"To say that what happened in California had to do with only a lack of generation is to misunderstand what happened in California," she says. "The evidence that Enron purposefully manipulated the market proves that. Jamming transmission doesn't have anything to do with having enough generation or not. It's about not having enough transmission. And we don't have enough transmission in Texas."
The big industrial and commercial customers were some of the biggest proponents of the Texas choice plan. They saw a chance for substantial savings on power bills. Reliant Energy Solutions, the Houston-based energy marketer to C&I customers, says its clients now are saving between 10 and 30 percent, depending on their consumption rates. "I know in our portfolio alone, that compared to what my clients were paying last year for electricity, [there] is about a billion dollars in savings right now," says Jim Ajello, president of Reliant Energy Solutions, the retail marketing affiliate of Reliant Energy HL&P, the regulated pipes and wires company.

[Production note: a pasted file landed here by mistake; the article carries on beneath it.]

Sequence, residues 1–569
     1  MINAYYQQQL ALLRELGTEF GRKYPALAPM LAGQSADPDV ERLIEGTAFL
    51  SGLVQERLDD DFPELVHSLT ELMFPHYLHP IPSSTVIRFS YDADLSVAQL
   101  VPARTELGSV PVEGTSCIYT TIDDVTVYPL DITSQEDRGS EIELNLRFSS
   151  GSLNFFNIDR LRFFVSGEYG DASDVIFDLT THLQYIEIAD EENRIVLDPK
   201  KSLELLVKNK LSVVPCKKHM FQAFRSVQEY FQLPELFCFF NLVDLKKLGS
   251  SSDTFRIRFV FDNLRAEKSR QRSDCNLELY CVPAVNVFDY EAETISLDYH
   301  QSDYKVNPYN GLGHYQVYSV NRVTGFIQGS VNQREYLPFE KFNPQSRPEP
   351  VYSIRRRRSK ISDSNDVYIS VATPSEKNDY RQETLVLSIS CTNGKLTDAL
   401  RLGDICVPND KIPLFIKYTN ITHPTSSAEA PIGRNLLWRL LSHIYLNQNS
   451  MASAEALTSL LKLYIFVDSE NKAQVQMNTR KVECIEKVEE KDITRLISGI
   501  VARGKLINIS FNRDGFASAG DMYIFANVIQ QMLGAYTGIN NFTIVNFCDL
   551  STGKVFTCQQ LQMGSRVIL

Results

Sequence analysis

He says about 40 percent of the large customers have chosen to switch to a new supplier. The rest decided to stay with the affiliate. "There are six to eight major competitors in this market," Ajello adds. "Pricing is very tight between the respondents. There's a great variety of ways to contract for the service. I think the industry's perspective is that it's a pretty competitive one and we can see that through the switching rates."
At Consumers Union, Briesemeister won't argue the point.